The Anthonys’ Quaker Roots

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Jeanne Gehret in winter coat in open doorway of wood building
Jeanne Gehret entering Quaker Meetinghouse in Adams, MA

Susan B. Anthony’s Quaker roots came to the forefront when I spoke at Susan’s birthplace museum in Adams, MA, near the border of New York State.

After my talk, my friend and I received a private tour by Adams Historical Society president Eugene Michalenko of the East Hoosuk Quaker Meetinghouse not far from Susan’s home. That is where Susan’s Aunt Hannah Hoxie (her father’s sister) sat on the “high seat” sharing spiritual insights during meetings. Hannah was regarded by the congregation as a gifted speaker in an era when women outside of Quakerism rarely spoke in public.

Susan B. Anthony’s Quaker role model

The high seat turned out to be on the top row of pews facing the congregation, nearest the center. Aunt Hannah’s central position connotes some importance. Measuring about 45×45 feet, the building features separate doors for men and women, who held their own meetings and kept separate records.

weathered two-story building with two doors side by side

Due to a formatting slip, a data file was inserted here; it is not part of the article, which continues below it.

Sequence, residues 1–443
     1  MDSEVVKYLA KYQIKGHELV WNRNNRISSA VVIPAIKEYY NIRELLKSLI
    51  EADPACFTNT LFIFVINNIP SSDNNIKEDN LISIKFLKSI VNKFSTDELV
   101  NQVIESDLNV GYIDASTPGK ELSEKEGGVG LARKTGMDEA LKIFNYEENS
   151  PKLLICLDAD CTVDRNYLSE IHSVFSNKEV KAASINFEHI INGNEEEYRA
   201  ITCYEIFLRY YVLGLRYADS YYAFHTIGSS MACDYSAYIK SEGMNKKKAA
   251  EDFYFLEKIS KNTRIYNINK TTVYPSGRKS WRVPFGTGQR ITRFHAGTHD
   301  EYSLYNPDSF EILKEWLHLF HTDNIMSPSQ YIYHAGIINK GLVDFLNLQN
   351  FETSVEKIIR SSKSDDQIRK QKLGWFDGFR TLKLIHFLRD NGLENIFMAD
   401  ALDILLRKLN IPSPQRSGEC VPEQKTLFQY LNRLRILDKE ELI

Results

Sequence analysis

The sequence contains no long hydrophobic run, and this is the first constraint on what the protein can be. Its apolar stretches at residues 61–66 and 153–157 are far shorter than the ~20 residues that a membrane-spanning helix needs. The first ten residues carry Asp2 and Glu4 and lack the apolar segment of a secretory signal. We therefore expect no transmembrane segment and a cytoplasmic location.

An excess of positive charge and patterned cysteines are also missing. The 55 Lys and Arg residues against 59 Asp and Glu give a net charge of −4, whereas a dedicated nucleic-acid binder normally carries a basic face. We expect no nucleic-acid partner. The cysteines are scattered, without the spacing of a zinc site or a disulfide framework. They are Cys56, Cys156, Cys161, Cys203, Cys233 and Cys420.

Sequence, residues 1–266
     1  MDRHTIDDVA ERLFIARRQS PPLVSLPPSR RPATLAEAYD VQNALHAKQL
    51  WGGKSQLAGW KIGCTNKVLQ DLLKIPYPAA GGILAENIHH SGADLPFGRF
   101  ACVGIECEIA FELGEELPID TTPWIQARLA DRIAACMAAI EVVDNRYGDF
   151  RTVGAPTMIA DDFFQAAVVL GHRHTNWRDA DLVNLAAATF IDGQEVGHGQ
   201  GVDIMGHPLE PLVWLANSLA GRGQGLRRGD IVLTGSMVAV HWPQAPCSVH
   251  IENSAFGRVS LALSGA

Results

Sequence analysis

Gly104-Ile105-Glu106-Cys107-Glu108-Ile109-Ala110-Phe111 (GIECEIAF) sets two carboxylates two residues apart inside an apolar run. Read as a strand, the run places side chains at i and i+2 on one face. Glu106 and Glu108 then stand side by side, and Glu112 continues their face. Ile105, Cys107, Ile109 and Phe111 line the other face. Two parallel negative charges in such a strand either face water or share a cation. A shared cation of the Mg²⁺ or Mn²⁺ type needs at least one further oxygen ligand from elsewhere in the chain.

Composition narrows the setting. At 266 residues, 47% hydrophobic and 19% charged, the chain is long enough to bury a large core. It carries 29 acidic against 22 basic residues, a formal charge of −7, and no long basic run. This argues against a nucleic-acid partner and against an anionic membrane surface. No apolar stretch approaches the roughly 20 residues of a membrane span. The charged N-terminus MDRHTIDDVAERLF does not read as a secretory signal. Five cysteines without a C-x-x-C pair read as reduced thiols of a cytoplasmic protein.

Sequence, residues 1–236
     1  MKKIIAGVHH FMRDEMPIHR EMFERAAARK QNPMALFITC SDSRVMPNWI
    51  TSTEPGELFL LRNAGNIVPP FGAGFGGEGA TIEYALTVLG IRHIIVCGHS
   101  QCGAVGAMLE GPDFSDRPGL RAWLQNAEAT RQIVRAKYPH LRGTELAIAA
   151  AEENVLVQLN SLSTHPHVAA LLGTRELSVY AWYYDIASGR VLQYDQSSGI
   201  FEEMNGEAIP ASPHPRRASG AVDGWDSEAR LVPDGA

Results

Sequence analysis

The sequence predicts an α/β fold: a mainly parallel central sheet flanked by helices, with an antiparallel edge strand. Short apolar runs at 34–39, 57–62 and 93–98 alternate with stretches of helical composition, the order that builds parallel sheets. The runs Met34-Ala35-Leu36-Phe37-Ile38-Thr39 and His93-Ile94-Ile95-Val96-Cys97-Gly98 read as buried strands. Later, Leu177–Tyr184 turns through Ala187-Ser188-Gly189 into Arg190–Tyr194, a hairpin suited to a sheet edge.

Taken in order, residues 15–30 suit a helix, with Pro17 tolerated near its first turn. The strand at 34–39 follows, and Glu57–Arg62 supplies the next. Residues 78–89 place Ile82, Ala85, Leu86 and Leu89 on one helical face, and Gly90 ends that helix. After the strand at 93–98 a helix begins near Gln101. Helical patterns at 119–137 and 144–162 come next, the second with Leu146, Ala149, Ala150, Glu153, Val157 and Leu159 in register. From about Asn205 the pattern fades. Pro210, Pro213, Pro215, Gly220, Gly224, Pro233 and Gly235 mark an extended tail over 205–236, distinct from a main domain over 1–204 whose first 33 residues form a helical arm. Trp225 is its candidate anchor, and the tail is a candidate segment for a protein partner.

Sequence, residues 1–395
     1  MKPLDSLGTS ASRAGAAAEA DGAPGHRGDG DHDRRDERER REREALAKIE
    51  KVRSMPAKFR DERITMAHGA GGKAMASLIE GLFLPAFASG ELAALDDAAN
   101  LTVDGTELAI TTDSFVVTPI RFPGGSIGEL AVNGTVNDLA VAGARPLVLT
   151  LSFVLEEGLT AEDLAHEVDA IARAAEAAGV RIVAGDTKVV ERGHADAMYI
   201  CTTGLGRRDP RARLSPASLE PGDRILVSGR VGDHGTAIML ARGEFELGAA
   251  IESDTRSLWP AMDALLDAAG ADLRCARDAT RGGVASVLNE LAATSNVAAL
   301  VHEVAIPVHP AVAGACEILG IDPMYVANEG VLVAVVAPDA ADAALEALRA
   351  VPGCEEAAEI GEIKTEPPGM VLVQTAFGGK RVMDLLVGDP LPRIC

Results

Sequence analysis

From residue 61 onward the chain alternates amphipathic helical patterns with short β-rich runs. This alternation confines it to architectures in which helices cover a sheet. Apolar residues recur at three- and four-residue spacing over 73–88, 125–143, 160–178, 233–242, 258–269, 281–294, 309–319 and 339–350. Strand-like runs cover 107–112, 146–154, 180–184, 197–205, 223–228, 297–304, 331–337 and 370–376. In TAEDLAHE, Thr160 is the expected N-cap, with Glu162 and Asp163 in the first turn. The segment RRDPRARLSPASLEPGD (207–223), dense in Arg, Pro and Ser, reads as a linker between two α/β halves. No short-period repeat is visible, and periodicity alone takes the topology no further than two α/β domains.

Quaker Meeting House, Adams. Photo by Jeanne Gehret

Once inside, a movable partial wall divides the two sides, with women and children sitting on the side with a huge open fireplace. (How kind those Quaker gentlemen were!) The dividing wall was removed during worship; thus, Hannah could be seen (and heard) by both men and women.

Susan’s sister Hannah was named after Aunt Hannah.

The Meetinghouse website includes more photos and describes many tenets of Quaker beliefs, including their opposition to war. With these principles in mind, Susan’s father Daniel developed a unique way to pay his taxes. Each year, he held out his wallet when greeting the taxman. Then Daniel said he did not support a government that waged war and that the collector must extract money from the wallet himself.

Later, Susan’s brother D.R. Anthony ran afoul of Quaker pacificism when he killed a rival publisher in a streetfight in Leavenworth. Although he had left the Rochester where his family prayed, he was still a member of the Rochester meeting. Not long after the fight, Rochester Quakers wrote to question his adherence to the beliefs of his ancestors. Read more about that conflict in my novel The Truth About Daniel, published in January.

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